- List of Emotions - Positive
- List of Emotions - Negative
- Loon’s Character Development Series - Part 1, Part 2, Part 3, Part 4
- Phobia List A-L (Part 1), M-Z (Part 2)
- 30 Day In Depth Character Development Meme
- Words for Emotions based on Severity
- Eight Bad Characters
- High Level Description of the Sixteen Personality Types
- How Not to Write Female Characters
- Writing Female Characters
- How to write empowering female characters
- Why I write strong female characters
- Red Flags for Female Characters Written by Men
- Writing strong female characters
- The Female Character Flowchart
- Eight Heroine Archetypes
- Eight Hero Archetypes
- Help on picking character names
- A tip about realistic characters
- Strategies to create believable characters
- Additional tips on writing PoC characters
- Advice on writing genders
- Creating unstable characters
- Ambiguous Antagonists
- A tidbit on psychological trauma [trigger warnings]
- On writing accents
- What makes characters stick with me
- Sweetening up character description
- Making an introverted character stand out
- Conveying too much or too little character “inner reflection”
- Revealing a character’s asexual orientation
- Revealing a character’s gender & orientation
- A habit of killing characters
- When characters aren’t standing out
- Breaking hearts with character deaths
- Quick tips on expressing character
- Character development versus pacing
- A mini guide to character voice
- A Description Resource
- 55 Words to Describe Someones Voice
- Describing Skin Colors
- Describing a Person: Adding Details
- Emotions Vocabulary
- 90 Words For ‘Looks’
- Be More Descriptive
- Describe a Character’s Look Well
- 100 Words for Facial Expressions
- To Show and Not To Tell
- Words to Describe Facial Expressions
- Describing Clothes
- List of Actions
- Tone, Feelings and Emotions
- Writing A Vampire
- Writing Pansexual Characters
- Writing Characters on the Police Force
- Writing Drunk Characters
- Writing A Manipulative Character
- Writing A Friends With Benefits Relationship
- Writing A Natural Born Leader
- Writing A Flirtatious Character
- Writing A Nice Character
- Fiction Writing Exercises for Creating Villains
- Five Traits to Contribute to an Epic Villain
- Writing Villains that Rock
- Writing British Characters
- How To Write A Character With A Baby
- On Assassin Characters
- Disorders in general (2, 3, 4, 5)
- Attention Deficit Disorder
- Antisocial Personality Disorder
- Anxiety (2, 3, 4, 5)
- Avoidant Personality Disorder
- Alice In Wonderland Syndrome
- Bipolar Disorder (2, 3)
- Cotard Delusions
- Depression (2, 3, 4, 5, 6)
- Eeating Disorders (2, 3)
- Facitious Disorders
- Histrionic Personality Disorder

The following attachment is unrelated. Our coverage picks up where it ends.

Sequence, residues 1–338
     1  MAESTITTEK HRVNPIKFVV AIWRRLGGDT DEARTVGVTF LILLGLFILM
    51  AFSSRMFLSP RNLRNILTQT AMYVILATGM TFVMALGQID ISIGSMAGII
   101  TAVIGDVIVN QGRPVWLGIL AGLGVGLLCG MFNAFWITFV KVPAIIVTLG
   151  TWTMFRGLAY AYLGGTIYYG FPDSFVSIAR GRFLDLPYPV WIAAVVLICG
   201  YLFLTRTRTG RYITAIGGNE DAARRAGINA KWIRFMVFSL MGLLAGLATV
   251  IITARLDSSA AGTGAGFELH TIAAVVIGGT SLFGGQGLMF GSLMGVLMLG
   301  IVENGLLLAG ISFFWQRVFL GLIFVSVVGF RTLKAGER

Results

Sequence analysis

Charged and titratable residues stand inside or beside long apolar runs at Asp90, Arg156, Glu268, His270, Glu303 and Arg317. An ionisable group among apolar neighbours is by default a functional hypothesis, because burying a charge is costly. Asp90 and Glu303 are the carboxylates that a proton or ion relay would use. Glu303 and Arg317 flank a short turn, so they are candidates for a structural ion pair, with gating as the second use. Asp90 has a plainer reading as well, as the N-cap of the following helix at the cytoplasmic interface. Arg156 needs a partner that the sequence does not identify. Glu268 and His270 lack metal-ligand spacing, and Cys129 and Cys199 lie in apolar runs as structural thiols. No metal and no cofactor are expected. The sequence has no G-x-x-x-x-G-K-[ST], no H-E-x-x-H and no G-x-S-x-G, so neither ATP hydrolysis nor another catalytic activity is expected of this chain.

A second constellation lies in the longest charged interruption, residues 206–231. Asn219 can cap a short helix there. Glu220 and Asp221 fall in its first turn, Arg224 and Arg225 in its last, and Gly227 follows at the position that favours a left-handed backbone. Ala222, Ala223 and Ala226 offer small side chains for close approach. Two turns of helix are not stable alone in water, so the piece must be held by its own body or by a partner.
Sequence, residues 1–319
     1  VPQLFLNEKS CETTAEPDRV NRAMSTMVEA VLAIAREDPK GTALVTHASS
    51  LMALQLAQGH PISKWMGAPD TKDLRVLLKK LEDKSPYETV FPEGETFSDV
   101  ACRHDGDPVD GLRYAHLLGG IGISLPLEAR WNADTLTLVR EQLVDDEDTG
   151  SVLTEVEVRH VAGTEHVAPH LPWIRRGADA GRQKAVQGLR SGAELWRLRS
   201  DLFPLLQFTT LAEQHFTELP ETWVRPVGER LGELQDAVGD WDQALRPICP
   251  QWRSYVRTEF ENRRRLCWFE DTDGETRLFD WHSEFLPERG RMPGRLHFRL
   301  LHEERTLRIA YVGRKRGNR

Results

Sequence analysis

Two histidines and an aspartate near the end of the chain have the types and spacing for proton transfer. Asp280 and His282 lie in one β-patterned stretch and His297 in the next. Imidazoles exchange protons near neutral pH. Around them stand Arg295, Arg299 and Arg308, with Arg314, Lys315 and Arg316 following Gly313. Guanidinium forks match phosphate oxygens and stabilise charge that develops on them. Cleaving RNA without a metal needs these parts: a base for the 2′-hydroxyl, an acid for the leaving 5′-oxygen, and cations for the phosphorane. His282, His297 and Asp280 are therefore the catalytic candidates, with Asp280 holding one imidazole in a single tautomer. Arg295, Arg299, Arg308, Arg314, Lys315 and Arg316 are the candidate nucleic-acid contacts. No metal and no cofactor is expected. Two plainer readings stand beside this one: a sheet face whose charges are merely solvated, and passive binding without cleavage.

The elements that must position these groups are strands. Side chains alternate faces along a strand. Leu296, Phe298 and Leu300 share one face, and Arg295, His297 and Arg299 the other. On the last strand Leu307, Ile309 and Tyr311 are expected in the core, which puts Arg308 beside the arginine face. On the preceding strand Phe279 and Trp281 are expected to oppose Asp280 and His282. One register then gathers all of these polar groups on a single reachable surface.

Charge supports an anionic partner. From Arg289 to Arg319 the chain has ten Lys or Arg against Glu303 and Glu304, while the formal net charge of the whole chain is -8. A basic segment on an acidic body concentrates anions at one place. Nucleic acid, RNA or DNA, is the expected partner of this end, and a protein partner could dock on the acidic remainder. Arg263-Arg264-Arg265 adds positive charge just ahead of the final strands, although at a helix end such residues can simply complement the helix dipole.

- Multiple Personality Disorder (2)
- Narcissistic Personality Disorder
- Night Terrors
- Kleptomania (2)
- A Pyromaniac
- Posttraumatic Stress Disorder
- Obsessive Compulsive Disorder (2) (3)
- Sex Addiction (2)
- Schizophrenia (2)
- Sociopaths (2)
- Aspergers Syndrome
- Someone Blind (2)
- Cancer (2, 3)
- Muteness (2, 3)
- Ballet Dancer (2)
- Alcohol Influence (2, 3, 4, 5)
- Cocaine Influence
- Ecstasy Influence (2)
- Heroin Use
- LSD Influence
- Marijuana Influence (2, 3)
- Opiate Use
Tips on Writing Dialogue:
- It’s Not What They Say…
- Top 8 Tips for Writing Dialogue
- Speaking of Dialogue
- The Great Said Debate
- He Said, She Said, Who Said What?
- How to Write Dialogue Unique to Your Characters
- Writing Dialogue: Go for Realistic, Not Real-Life
Tips on Writing Point of View:
Style & Craft of Writing:
- The literary “weak verb”
- Do you have word tics?
- Victoria’s Vitamins: vague descriptive words
- Victoria’s Vitamins: mood
- Breaking writing habits
- Varying sentences
- Describing colors
- Sweetening up character description
- Purple prose
- Grammar is a tricksy thing
- "Smartening" the language of your narrative
- Building suspense and making readers sweat
- A couple tips about description in fast-paced scenes
- The story of exposition
- 10 ways to hit your reader in the gut
- Make your reader root for your main character
- Make your reader hold their breath
- What’s the big deal about intros?
- A tip about description
- The word count of your manuscript
- Things that make me keep reading
- Choosing ideas and endings
- When to describe setting
- Battling cliches
- Is your story YA, NA, or adult?
- When a plot isn’t strong enough to make a whole story
- Flashbacks with multiple POVs
- Bulking up your word count
- Avoiding cliches
- Conquer that opening line || response || discussion
- Tips on revealing setting awesomely kind of
- Deciding between different ideas for the same story
- You’ve finished your manuscript! Now what?
- Revision sucks but doesn’t have to suck
- Where to find beta readers/critique partners
- Tips on taking critique